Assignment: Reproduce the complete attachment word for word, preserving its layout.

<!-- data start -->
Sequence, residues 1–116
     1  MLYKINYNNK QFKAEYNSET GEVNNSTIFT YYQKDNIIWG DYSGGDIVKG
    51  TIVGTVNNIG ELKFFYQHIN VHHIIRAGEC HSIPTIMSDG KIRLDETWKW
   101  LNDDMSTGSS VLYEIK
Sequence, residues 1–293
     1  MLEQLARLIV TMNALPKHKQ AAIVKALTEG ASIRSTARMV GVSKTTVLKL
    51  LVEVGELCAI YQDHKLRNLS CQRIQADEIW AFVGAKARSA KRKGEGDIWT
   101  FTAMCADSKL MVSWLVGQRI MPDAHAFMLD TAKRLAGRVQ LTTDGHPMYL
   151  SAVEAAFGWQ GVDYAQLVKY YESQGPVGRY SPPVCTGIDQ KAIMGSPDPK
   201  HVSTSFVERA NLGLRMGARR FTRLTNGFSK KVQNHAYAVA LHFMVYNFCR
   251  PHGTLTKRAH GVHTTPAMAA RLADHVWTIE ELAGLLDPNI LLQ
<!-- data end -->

Sequence, residues 1–116
     1  MLYKINYNNK QFKAEYNSET GEVNNSTIFT YYQKDNIIWG DYSGGDIVKG
    51  TIVGTVNNIG ELKFFYQHIN VHHIIRAGEC HSIPTIMSDG KIRLDETWKW
   101  LNDDMSTGSS VLYEIK
Sequence, residues 1–293
     1  MLEQLARLIV TMNALPKHKQ AAIVKALTEG ASIRSTARMV GVSKTTVLKL
    51  LVEVGELCAI YQDHKLRNLS CQRIQADEIW AFVGAKARSA KRKGEGDIWT
   101  FTAMCADSKL MVSWLVGQRI MPDAHAFMLD TAKRLAGRVQ LTTDGHPMYL
   151  SAVEAAFGWQ GVDYAQLVKY YESQGPVGRY SPPVCTGIDQ KAIMGSPDPK
   201  HVSTSFVERA NLGLRMGARR FTRLTNGFSK KVQNHAYAVA LHFMVYNFCR
   251  PHGTLTKRAH GVHTTPAMAA RLADHVWTIE ELAGLLDPNI LLQ